Endangered Stirling Range plant species to benefit from Federal funding boost

Headshot of Liam Croy
Liam CroyAlbany Advertiser
Giant Andersonia (Andersonia axilliflora).
Camera IconGiant Andersonia (Andersonia axilliflora). Credit: Supplied

The fight to save plant species pushed to the brink of extinction by bushfires in the Stirling Range National Park has received a Federal cash injection.

South Coast Natural Resource Management secured a $191,752 grant through the Environment Restoration Fund this month.

Two major bushfires in the national park in 2018 and 2019-20 left some of Australia’s rarest plant species at risk of extinction.

South Coast NRM will use the Federal funding to reduce the threat of dieback and rabbits, reinforce existing populations and monitor the impact of quokkas on threatened flora.

One of the species under threat is the endangered banksia montana, also known as Stirling Range dryandra, which had all its mature wild specimens wiped out by the fires.

Stirling Range dryandra (banksia montana).
Camera IconStirling Range dryandra (banksia montana). Credit: Supplied

Others set to benefit from the grant are the giant andersonia (Andersonia axilliflora) and small-flowered snottygobble (persoonia micranthera).

“This work complements previous efforts stretching back years that allows us to make a real difference to the prospect for these species, as well as species like mainland quokkas that rely on these ecosystems,” South Coast NRM chief executive Justin Bellanger said.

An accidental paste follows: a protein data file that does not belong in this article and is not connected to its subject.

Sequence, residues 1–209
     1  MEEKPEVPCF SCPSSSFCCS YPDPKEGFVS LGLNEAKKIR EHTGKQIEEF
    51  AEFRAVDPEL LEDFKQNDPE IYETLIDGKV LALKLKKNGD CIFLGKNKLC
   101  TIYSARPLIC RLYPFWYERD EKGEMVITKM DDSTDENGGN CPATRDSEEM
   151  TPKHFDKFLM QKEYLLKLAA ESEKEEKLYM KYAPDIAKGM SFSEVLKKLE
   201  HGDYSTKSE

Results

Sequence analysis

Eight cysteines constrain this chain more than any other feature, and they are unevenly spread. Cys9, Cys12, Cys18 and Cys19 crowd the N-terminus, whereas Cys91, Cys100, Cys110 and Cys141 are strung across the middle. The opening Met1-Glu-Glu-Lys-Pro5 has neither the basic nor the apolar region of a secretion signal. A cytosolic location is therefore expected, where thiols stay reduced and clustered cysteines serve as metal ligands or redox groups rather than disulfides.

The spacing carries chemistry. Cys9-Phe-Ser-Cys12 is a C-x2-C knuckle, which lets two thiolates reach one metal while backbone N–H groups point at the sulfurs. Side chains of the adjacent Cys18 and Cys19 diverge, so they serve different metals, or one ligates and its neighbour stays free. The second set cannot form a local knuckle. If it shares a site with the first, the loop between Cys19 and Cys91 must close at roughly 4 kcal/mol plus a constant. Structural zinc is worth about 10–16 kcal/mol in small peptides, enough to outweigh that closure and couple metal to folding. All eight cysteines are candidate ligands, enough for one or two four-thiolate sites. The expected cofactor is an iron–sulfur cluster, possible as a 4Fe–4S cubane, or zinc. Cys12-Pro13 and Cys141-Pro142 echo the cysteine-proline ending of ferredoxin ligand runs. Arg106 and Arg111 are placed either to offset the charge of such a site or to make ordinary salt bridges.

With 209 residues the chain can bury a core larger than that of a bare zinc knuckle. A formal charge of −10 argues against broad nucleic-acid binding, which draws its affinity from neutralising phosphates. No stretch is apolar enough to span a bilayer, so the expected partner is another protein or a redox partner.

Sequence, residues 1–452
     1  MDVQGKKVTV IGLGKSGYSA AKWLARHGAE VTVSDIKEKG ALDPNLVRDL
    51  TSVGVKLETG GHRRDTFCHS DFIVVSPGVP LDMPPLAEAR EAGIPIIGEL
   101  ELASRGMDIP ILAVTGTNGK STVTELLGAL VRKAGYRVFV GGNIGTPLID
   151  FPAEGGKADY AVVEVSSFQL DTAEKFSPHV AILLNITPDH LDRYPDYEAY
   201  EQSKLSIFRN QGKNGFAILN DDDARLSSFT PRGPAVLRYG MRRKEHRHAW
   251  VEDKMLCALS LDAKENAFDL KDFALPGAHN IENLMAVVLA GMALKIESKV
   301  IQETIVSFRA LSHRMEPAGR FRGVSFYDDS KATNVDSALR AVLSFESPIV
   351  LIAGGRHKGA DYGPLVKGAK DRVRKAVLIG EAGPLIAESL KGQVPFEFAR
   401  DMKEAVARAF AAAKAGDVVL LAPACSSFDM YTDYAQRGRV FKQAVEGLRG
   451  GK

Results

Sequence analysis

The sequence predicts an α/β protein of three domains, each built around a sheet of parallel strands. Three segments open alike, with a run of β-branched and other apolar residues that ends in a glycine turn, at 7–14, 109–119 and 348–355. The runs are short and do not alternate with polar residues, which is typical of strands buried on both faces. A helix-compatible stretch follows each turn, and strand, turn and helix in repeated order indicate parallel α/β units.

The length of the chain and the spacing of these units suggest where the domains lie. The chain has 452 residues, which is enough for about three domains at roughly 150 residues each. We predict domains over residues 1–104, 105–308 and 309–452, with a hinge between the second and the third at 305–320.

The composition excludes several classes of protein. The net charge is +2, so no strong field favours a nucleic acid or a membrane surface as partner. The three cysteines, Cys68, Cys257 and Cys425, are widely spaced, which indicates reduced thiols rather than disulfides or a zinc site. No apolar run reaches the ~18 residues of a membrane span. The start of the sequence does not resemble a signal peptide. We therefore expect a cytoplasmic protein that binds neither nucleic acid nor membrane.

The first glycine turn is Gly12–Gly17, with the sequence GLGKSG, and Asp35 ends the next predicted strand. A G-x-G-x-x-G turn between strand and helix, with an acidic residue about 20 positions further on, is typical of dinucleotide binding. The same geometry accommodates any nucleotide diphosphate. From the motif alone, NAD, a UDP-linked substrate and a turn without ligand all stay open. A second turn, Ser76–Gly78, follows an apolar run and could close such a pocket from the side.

The brief interval between the 2018 and 2019-20 bushfires meant some threatened species did not have time to recover before they were dealt another blow.

Another major bushfire in the next few years could be devastating.

There are signs of new life appearing after the Stirling Range bushfires.
Laurie Benson/Albany Advertiser
Camera IconThere are signs of new life appearing after the Stirling Range bushfires. Laurie Benson/Albany Advertiser Credit: Laurie Benson/Albany Advertiser

Conservationists have been working hard to assess the health of the threatened flora in the Stirling Range and protect the surviving populations.

Those populations are often in hard-to-reach mountainous areas, meaning long hikes and limited daylight for study.

O’Connor MHR Rick Wilson said the Stirling Range was a biodiversity hotspot with “unique environmental and cultural values”.

More than 60 projects across Australia received ERF grant funding this month, delivered through the Federal Government’s Threatened Species Strategy Action Plan.

Small-flowered snottygobble (Persoonia micranthera).
Camera IconSmall-flowered snottygobble (Persoonia micranthera). Credit: Supplied

The grants come after a report by the Australian National Audit Office last month found that most threatened species in Australia were not being monitored.

The ANAO audited the Federal Department of Agriculture, Water and the Environment’s management of threatened species and ecological communities.

“There is limited evidence that desired outcomes are being achieved, due to the department’s lack of monitoring, reporting and support for the implementation of conservation advice, recovery plans and threat abatement plans,” the ANAO said.

The Federal Government has agreed to all six of the recommendations stemming from the audit.

A plane flies past the Stirling Ranges bushfire.
Camera IconA plane flies past the Stirling Ranges bushfire. Credit: Liam Croy / Albany Advertiser/Albany Advertiser

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